How is salt extracted from underground deposits?

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How is salt extracted from underground deposits?
Modern salt mines are massive industrial operations. (Three Lions/Valueline/Getty Images)

Every year, the salt industry produces over 250 million tonnes of salt. In addition to food, salt has a wide range of uses, most notably preventing roads from becoming covered with ice. Salt can come from one of two sources: it may come from seawater, or be mined from underground deposits. Salt mined from the earth is called rock salt, and extracting it is a complicated and expensive process.

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Rock salt formation

Although rock salt and sea salt are produced in very different ways, rock salt also has its origins in the sea. Rock salt, or halite, forms when a body of salt water such as a lake or sea evaporates. Over time, the vanishing water can leave behind layers of minerals dozens or even hundreds of metres thick. In some places, these mineral deposits, known as evaporites, can be seen above ground, but in other locations they become buried under layers of rock as time passes.

How is salt extracted from underground deposits?
The ground at Badwater Basin, in Death Valley, California, is formed of salt deposits. (Jupiterimages/Photos.com/Getty Images)

Mining in history

Because of its vital role in preserving food, salt was a very valuable commodity in the ancient world. An early salt mine in Azerbaijan has been identified as being over 6,000 years old. However, salt mining was considered a dangerous occupation. Miners, many of them slaves or criminals, cut into the halite deposits using hand tools, working in lightless conditions, often far underground. Even today, "the salt mines" is a proverbial expression for thankless, difficult work.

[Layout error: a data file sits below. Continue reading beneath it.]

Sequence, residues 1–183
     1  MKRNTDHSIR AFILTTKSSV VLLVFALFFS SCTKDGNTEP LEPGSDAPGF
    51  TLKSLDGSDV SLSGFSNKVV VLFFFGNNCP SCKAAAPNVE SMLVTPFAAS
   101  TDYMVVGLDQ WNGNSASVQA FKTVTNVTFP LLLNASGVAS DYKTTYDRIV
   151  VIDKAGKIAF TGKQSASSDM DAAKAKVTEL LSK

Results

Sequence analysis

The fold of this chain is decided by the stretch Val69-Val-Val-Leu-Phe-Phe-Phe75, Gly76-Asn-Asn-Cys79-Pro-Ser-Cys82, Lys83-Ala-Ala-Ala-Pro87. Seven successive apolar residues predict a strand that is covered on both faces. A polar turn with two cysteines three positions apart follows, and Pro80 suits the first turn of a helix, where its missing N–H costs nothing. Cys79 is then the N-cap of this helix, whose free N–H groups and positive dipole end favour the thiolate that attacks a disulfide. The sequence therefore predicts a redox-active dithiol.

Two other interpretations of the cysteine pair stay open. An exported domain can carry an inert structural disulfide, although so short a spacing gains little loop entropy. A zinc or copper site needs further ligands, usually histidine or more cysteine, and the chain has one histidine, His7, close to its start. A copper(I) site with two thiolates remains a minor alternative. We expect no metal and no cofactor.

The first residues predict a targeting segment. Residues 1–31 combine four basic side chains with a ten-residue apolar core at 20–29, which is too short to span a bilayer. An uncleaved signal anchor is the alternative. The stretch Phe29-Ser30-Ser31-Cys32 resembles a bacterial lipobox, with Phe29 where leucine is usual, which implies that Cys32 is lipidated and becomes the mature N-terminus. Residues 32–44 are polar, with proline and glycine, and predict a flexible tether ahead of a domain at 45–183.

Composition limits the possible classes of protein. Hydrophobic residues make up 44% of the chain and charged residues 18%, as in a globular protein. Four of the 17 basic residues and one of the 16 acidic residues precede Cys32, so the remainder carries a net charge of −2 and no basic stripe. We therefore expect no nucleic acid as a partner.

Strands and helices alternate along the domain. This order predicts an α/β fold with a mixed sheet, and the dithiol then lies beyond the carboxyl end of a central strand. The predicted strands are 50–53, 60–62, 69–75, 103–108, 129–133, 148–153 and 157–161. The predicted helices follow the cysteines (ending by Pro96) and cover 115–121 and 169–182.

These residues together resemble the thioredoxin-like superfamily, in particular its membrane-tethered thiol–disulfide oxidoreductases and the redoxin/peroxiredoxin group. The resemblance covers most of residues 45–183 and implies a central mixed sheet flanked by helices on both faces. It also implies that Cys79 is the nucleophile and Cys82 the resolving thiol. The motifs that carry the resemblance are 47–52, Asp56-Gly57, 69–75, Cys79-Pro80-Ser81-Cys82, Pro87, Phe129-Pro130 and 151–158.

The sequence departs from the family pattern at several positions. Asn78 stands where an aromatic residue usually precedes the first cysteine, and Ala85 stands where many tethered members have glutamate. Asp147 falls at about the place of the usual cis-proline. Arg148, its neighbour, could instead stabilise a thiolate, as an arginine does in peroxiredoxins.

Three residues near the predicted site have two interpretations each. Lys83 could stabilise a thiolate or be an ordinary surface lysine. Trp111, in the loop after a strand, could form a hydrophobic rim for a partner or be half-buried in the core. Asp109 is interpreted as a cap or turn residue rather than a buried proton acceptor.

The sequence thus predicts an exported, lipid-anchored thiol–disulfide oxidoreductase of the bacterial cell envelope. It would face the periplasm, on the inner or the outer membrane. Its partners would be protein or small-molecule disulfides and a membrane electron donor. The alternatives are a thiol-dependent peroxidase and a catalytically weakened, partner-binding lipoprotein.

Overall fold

Solution mining

Solution mining is one of the two major forms of salt mining. In solution method, a salt deposit is first located underground. Miners pump water into the deposit, allowing the salt to dissolve into it. The salt water, or brine, is then pumped to the surface. Once there, the water is evaporated, replicating the process that led to the formation of the halite in the distant past. It may also be processed to remove other impurities.

Dry mining

Other salt deposits are mined using more traditional methods, although the tools are modern. Modern salt mines often use what is known as a room-and-pillar method, in which large columns of rock salt are left untouched to support the ceiling of the area being mined. One such mine is at Winsford in Cheshire; the largest salt mine in the UK, it produces a large proportion of the £150 million worth of salt used to grit roads every year. Mining machines called continuous cutters work away at the salt deposits, breaking them down into loose salt crystals which are then collected and lifted to the surface.

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